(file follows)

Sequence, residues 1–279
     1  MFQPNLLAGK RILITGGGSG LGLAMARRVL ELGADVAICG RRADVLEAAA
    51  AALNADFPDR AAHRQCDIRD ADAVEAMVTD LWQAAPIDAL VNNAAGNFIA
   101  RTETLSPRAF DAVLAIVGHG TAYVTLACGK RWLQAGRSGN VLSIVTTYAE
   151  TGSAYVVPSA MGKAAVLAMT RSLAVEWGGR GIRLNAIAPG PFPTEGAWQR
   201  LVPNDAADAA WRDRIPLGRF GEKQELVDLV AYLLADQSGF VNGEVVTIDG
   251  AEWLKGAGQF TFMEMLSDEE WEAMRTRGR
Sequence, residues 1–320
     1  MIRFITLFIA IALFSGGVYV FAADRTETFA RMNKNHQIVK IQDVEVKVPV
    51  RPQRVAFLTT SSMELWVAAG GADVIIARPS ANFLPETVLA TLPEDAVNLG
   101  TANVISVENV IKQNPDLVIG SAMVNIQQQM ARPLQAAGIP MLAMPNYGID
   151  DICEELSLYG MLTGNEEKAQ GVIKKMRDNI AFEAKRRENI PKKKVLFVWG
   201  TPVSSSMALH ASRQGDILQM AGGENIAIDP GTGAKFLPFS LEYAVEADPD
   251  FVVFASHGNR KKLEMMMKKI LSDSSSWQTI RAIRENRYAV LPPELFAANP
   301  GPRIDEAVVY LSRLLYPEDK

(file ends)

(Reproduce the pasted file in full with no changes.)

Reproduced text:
Sequence, residues 1–279
     1  MFQPNLLAGK RILITGGGSG LGLAMARRVL ELGADVAICG RRADVLEAAA
    51  AALNADFPDR AAHRQCDIRD ADAVEAMVTD LWQAAPIDAL VNNAAGNFIA
   101  RTETLSPRAF DAVLAIVGHG TAYVTLACGK RWLQAGRSGN VLSIVTTYAE
   151  TGSAYVVPSA MGKAAVLAMT RSLAVEWGGR GIRLNAIAPG PFPTEGAWQR
   201  LVPNDAADAA WRDRIPLGRF GEKQELVDLV AYLLADQSGF VNGEVVTIDG
   251  AEWLKGAGQF TFMEMLSDEE WEAMRTRGR
Sequence, residues 1–320
     1  MIRFITLFIA IALFSGGVYV FAADRTETFA RMNKNHQIVK IQDVEVKVPV
    51  RPQRVAFLTT SSMELWVAAG GADVIIARPS ANFLPETVLA TLPEDAVNLG
   101  TANVISVENV IKQNPDLVIG SAMVNIQQQM ARPLQAAGIP MLAMPNYGID
   151  DICEELSLYG MLTGNEEKAQ GVIKKMRDNI AFEAKRRENI PKKKVLFVWG
   201  TPVSSSMALH ASRQGDILQM AGGENIAIDP GTGAKFLPFS LEYAVEADPD
   251  FVVFASHGNR KKLEMMMKKI LSDSSSWQTI RAIRENRYAV LPPELFAANP
   301  GPRIDEAVVY LSRLLYPEDK